EMC’s RSA Security division has announced a new release (6.0) of its Archer Goverance, Risk and Compliance (GRC) Platform at this week’s RSA Conference Abu Dhabi, intended to inspire ‘everyone to own risk within the enterprise’. This market is hot, and depending upon the source, is only going to get hotter, but it is not without some major challenges.
“Risk is no longer just the responsibility of executives,” said Grant Geyer, Senior Vice President of Products, RSA, in a prepared statement. “To keep up with the uncertainty and complexity triggered by rapid changes in business today, organizations are decentralizing risk management to put it as close as possible to the risk itself. As front line employees are being asked to contribute more towards risk management, we have focused heavily on usability in the new RSA Archer 6.0 platform.”
New Archer features, which will be available only for new, on-premises installations on November 10, include:
-an enhanced user experience with a simpler but more powerful user interface and advanced workflow capabilities; and,
-enhancements to Archer Operational Risk Management to help streamline how organizations identify, assess, respond, and monitor existing and emerging risks.
GRC is about the practice, not the technology, said Marshall Toburen, GRC Strategist, Enterprise Risk Management, RSA. He told IT Trends & Analysis “I couldn’t agree with that more”, when asked to comment on this quote: ‘Organizations do not buy GRC, they do GRC. (GRC 20/20 Research)’ “What this release does is acknowledge that fact.”
Whatever organizations are doing about GRC, they’re also buying GRC. The GRC market is expected to reach $2.592 billion this year, driven by the need for a federated architecture approach to handle the GRC ‘data tsunami’. “The idea of a single GRC platform to meet all of an institution’s needs is a myth,” Shagun Bali, TABB technology analyst and author of The Data Tsunami: Combating the Overwhelming Supply of GRC Data. “But no single IT tool has all the answers, which is why firms need to create cohesive business processes to manage various functions and technologies in sync.”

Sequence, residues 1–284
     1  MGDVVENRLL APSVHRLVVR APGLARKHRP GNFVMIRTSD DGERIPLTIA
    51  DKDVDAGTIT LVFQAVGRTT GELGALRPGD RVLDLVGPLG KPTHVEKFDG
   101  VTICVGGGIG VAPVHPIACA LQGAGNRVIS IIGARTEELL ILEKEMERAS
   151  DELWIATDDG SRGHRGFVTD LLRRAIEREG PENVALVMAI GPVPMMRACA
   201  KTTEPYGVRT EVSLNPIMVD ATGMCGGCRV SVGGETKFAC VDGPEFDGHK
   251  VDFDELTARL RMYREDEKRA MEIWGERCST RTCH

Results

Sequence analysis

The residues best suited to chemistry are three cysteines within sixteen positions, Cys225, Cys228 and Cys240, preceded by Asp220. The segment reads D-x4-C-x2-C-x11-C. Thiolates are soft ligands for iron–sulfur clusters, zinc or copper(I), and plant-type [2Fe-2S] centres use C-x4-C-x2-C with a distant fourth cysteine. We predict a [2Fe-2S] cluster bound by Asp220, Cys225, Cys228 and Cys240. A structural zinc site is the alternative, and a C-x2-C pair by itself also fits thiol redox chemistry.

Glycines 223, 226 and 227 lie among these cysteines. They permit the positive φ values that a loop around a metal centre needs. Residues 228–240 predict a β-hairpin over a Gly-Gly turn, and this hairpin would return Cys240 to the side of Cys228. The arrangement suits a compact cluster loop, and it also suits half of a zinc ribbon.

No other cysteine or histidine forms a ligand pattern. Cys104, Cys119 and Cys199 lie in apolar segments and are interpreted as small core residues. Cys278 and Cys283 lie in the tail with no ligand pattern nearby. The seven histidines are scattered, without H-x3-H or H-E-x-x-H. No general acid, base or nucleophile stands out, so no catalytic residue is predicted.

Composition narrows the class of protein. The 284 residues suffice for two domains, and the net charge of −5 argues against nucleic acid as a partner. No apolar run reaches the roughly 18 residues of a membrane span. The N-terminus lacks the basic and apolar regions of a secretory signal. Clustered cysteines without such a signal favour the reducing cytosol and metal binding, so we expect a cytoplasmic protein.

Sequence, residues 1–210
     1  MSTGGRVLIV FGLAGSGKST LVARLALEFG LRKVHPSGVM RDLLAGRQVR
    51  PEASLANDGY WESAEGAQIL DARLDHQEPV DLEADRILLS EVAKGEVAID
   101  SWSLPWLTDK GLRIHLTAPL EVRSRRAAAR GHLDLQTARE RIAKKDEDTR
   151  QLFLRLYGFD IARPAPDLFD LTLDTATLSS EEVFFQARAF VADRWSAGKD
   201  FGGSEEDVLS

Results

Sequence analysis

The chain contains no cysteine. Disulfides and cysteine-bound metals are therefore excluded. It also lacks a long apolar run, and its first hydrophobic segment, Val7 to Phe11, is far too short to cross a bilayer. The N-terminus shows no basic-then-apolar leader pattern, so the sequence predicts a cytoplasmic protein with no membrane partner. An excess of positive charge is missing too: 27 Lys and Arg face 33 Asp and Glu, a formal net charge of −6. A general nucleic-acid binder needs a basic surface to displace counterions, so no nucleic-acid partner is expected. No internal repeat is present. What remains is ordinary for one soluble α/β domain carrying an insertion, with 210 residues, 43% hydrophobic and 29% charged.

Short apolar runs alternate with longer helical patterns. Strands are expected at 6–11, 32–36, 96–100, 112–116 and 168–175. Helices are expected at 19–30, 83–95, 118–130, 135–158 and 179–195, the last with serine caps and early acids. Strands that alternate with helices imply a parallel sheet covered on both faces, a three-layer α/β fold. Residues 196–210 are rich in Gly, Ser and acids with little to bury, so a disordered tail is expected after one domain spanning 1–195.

Another report values this year’s GRC market more than four times higher, at $11.89 billion – and that’s excluding the professional services component. The enterprise segment represents about 10% of this figure.
A third report estimates the market is even bigger: the global enterprise governance, risk, and compliance market will grow from $15.98 billion in 2015 to $31.77 billion by 2020, at a CAGR of 14.7%. North America is expected to be the largest market in terms of market size, while Europe and Asia-Pacific (APAC) are expected to experience increased market traction during the forecast period.
Despite this spending surge – or perhaps to explain why – companies are woefully unprepared to deal with the increasingly challenging risk and compliance environment, as ‘corporate mistakes keep getting worse’. According to Forrester Research, “In 2015 we will see more of the same, and with even greater financial impact.”
The research company states that there will be ‘even greater corporate blunders, stricter regulatory enforcement, and executives who will continue to fail to address their most important customer-facing risks.’ It also believes that the GRC technology market is ‘ripe for disruption,’ which will have implications for how organizations select and implement GRC platforms and take advantage of services to monitor public risk and compliance data.
In addition to EMC/RSA, the leading GRC vendors include CMO, IBM, MetricStream, and NASDAQ. Other notable IT vendors include Oracle, SAP, and SAS Institute.
“A lot has been made about how important it is to having a good risk culture in your organization,” said Toburen. RSA’s commitment is to make it easier for people to interact with the system, and its GRC tools help in that effect. Enough so, he added, that RSA is the biggest GRC vendor.
Beyond GRC, there’s the question of what Dell’s proposed acquisition of EMC means for RSA. Jon Oltsik, Senior Principal Analyst, and the founder of the Enterprise Strategy Group’s cybersecurity service, noted recently that while RSA is a marquee $1b+ brand-name company, ‘it really is small potatoes as part of this mega-deal [$67 billion] in the IT space.’
He offered three possible scenarios: Dell/EMC create a big cybersecurity division including SecureWorks and RSA; Dell/EMC build a cybersecurity products division led by RSA; and Silver Lake Partners goes for a cybersecurity financial bazaar – ‘SecureWorks is poised for a lucrative IPO already so Silver Lake may want to follow this by selling off a number of RSA assets for quick dough.’ Oltsik believes there is real value in RSA’s products and services but cautions that ‘creating a unified Dell/EMC/RSA cybersecurity division represents a quantum leap in complexity that executives may not want to undertake.’